Colonels Abroad in China: Feeling Safe in Beijing

Níhao,

Of course, since this trip is through Nicholls College of Business Administration, throughout we will be visiting and touring various businesses.

Although business isn’t my major, per se, it doesn’t make these tours any less interesting for me.

When I would tell people that I was going on this trip, I’d often get asked, “Aren’t you worried?” or “Is it safe?” I feel as though since China is a communist country, which is very different from the U.S., there is this false notion about the living conditions here. People may tend to equate this type of government with poverty and crime, but in all actuality it is the opposite. It turns out that China is a very wealthy country. Of course, there is poverty as in any country, but overall there is a lot of wealth here.

In addition to that, Dr. En Mao has told us numerous times that we are actually safer here than we are in the U.S. Crime rates are extremely low here, especially with guns not being allowed and crimes being treated very seriously. I have never felt unsafe walking the streets at night or when we are touring the local areas.

I thought that the businesses, too, would operate very differently here, especially with there being a very different style of government. So far, we have visited three different types of businesses. The first was Convatec, which is a company that creates and sells medical devices. Yesterday, we toured Focus Media, an advertising firm that specializes in advertisements in elevators. As odd as it sounds, the business is actually booming here. With China being a very busy country, and the majority of Beijing living in apartments, advertisements in elevators are highly effective. Last year, the business made over $10 billion!

The other business we toured was Best On Earth, also known as BOE. BOE makes high-tech screens for televisions, phones, cars, etc. The clarity of these screens is absolutely immaculate. There was one screen that was shown to us that was so in-depth, that many hospitals use it for surgeries in order to get a clearer view. Not to mention that one of these screens would cost about $200,000.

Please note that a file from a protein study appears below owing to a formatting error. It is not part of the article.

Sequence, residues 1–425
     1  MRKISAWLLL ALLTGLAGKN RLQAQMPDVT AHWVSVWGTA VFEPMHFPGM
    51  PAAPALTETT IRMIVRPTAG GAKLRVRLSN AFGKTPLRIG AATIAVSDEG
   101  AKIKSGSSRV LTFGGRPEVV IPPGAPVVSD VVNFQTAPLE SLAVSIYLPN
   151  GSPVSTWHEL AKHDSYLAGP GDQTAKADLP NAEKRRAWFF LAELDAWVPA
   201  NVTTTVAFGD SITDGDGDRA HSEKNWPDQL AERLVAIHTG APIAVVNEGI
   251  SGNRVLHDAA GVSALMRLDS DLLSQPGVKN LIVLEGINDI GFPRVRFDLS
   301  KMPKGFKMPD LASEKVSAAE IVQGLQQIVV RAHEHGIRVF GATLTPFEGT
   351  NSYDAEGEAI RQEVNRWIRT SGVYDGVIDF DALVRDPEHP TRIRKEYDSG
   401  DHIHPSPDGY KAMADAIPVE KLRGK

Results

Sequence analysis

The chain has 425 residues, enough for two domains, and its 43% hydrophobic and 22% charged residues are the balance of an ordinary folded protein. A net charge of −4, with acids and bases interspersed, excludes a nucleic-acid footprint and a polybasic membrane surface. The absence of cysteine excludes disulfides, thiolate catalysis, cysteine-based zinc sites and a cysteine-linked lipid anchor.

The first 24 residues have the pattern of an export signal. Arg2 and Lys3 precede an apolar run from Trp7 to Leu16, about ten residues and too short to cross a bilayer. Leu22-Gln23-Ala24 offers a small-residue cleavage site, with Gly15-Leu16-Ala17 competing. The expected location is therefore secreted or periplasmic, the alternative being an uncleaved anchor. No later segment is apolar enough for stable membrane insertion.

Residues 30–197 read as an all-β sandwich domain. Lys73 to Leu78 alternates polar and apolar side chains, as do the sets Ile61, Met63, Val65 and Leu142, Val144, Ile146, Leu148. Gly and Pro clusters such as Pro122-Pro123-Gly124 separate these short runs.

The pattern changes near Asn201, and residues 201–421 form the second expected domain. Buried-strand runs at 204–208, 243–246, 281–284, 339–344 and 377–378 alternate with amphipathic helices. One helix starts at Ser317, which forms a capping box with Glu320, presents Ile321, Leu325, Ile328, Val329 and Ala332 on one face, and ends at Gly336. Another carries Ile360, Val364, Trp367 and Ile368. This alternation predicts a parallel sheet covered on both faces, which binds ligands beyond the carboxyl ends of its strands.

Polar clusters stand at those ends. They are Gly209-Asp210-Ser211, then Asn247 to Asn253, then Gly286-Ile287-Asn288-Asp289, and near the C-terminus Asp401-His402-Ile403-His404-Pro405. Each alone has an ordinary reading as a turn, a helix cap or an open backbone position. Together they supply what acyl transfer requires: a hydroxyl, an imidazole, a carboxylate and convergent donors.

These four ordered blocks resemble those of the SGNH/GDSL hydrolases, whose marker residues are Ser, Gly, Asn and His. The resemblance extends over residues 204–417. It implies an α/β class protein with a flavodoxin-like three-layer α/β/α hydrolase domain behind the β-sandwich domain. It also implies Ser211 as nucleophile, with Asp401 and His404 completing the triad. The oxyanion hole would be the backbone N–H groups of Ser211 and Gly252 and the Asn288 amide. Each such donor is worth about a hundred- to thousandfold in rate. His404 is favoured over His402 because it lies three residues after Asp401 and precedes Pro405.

Overall, the business trips are very interesting! What I find the most intriguing about these trips is how heavily influenced they are by culture. Although these three businesses are seemingly really different, there was definitely an ongoing trend between the three.

When doing the question-and-answer sessions at the end of every meeting, a common question would be asked about working conditions, and how jobs were created, so on and so forth. What struck me the most was the common emphasis on the business as a team. The Chinese find it very impactful to work as a team, and how every individual’s work impacts the group as a whole. I found this very striking, especially since I feel as though in the U.S. we tend to place more emphasis on the self, rather than the group as a whole. We often times become so self-absorbed that we may end up losing the big picture at the end of the day.

I feel as though by not losing sight on teamwork, the Chinese have been able to catapult themselves to the high level of productivity that we see today. I look forward to seeing if these ideals will be an ongoing trend throughout the remaining business visits. Until next time, zijian!

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